# Linear First Order PDE- Looking for an example

• Feb 2nd 2011, 11:08 AM
bugatti79
Linear First Order PDE- Looking for an example
Hi All,

I have an examinable question that I am stuck on and obviously I cannot submit it here.
Instead I am asking if some one could provide a simple problem that demonstrates the principle. Here goes:

We have linear first order PDE u(x,y). Asked to find u given intial conditions which I can.
Next it asks to show that the solution is not defined when y > f(x). (I know what the f(x) of x is but cannot show it)

Could anyone provide a simple example to demonstrate this or at least what do i do?

Thanks
bugatti79
• Feb 2nd 2011, 03:09 PM
Jester

$2u u_y = -1, \;\;u(x,0) = x^2?$
• Feb 2nd 2011, 10:23 PM
bugatti79
Quote:

Originally Posted by Danny

$2u u_y = -1, \;\;u(x,0) = x^2?$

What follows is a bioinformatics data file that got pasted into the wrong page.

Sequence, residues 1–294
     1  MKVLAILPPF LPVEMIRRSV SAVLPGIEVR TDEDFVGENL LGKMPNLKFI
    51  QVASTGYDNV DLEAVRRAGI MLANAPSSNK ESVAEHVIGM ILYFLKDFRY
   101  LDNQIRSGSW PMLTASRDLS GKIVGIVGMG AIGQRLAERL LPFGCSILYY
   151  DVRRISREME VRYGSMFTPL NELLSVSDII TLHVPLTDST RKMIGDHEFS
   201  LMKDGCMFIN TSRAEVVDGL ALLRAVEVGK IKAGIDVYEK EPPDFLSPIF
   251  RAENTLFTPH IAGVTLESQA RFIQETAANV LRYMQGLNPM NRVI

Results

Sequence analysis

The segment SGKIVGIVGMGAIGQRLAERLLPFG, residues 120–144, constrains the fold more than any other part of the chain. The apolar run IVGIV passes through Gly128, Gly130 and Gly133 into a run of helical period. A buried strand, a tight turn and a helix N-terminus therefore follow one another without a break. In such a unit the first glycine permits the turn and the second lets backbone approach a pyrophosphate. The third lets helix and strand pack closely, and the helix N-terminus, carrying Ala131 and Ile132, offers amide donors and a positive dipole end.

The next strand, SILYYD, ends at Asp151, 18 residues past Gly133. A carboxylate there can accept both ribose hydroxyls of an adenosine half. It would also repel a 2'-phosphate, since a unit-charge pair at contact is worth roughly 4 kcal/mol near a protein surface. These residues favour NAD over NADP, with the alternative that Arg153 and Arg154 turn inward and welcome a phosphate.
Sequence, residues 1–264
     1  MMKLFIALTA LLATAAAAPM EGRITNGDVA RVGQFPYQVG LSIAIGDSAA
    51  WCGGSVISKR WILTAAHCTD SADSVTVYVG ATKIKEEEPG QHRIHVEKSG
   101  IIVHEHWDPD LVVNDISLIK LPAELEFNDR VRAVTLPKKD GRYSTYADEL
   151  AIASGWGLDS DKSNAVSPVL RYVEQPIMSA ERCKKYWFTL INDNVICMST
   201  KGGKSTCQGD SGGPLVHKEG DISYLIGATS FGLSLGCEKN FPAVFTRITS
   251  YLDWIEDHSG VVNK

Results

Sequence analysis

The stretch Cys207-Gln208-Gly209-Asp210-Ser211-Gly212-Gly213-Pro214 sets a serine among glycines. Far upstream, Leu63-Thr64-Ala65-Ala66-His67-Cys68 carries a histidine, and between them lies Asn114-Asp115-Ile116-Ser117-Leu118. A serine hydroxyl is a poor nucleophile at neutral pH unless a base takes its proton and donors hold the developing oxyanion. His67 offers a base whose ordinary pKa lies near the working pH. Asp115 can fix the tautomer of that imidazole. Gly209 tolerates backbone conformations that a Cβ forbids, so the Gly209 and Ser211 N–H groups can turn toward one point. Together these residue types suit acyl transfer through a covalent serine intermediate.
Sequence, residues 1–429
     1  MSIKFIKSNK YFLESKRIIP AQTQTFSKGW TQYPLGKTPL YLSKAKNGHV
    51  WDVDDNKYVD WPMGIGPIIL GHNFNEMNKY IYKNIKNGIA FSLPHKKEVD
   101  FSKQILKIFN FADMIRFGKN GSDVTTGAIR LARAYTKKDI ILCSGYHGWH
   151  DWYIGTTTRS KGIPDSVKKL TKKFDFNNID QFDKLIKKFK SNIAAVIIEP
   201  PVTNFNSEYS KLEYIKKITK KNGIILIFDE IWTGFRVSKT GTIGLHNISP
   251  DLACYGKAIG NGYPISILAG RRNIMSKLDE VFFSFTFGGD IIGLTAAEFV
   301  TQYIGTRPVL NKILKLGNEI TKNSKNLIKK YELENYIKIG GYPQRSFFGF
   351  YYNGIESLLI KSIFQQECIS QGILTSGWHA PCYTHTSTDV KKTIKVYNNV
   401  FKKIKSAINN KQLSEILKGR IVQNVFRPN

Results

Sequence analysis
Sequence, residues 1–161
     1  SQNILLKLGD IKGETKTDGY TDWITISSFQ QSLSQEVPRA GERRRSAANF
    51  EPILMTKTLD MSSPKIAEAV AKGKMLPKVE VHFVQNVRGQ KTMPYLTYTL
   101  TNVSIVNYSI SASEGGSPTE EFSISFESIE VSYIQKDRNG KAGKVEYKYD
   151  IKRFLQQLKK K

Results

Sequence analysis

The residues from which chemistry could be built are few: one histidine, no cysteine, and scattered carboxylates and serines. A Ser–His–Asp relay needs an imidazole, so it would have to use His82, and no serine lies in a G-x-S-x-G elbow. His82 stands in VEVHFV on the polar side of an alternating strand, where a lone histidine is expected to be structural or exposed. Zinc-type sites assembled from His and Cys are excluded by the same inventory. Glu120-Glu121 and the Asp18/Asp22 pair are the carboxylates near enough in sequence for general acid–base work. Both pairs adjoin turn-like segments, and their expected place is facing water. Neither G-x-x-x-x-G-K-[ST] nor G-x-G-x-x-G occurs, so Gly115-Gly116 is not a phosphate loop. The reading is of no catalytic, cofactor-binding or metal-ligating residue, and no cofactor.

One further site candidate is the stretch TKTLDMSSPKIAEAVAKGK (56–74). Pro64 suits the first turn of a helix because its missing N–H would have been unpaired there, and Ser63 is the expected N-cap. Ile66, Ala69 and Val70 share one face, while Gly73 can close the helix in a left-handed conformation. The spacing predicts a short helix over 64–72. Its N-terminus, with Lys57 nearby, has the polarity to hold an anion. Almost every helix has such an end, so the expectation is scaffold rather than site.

Are we missing an x partial derivative?

As given above i get $u(y)=\sqrt{-y+c}$. Cant go any further?
• Feb 3rd 2011, 04:14 AM
Jester
It's a PDE so integrating gives (taking the positive solution)

$u(x,y) = \sqrt{f(x)-y}$.
• Feb 3rd 2011, 05:19 AM
bugatti79
Quote:

Originally Posted by Danny
It's a PDE so integrating gives (taking the positive solution)

$u(x,y) = \sqrt{f(x)-y}$.

Ok, the constant must be a function of x ie

$2\int{u} du=-\int{y} dy$ therefore

$u^2=-y+c$ but c=f(x)

$u(x,y)=+\sqrt{-y+f(x)}$ using boundary conditions give particular as

$u(x,y)=\sqrt{-y+x^4}$

How do we use this to show the solution is not defined when y> some function of x?

Thanks
• Feb 3rd 2011, 08:51 AM
Jester
What if $y > x^4$?
• Feb 3rd 2011, 09:55 AM
bugatti79
Quote:

Originally Posted by Danny
What if $y > x^4$?

Ok, after some reading and with your help my interpretation is the following:

there are 2 restrictions: We never divide by 0 and we assume real values functions. Therefore based on this and looking at the above example, the quantity $-y+x^4 \not < 0$. Therefore $x^4 \geq y$. Otherwise we get a complex number.

What is the domain of the function?

The domain of this function is the set of all real values of x and y whose quantity $-y+x^4 \not < 0$.
Is there a better way of stating this mathematically?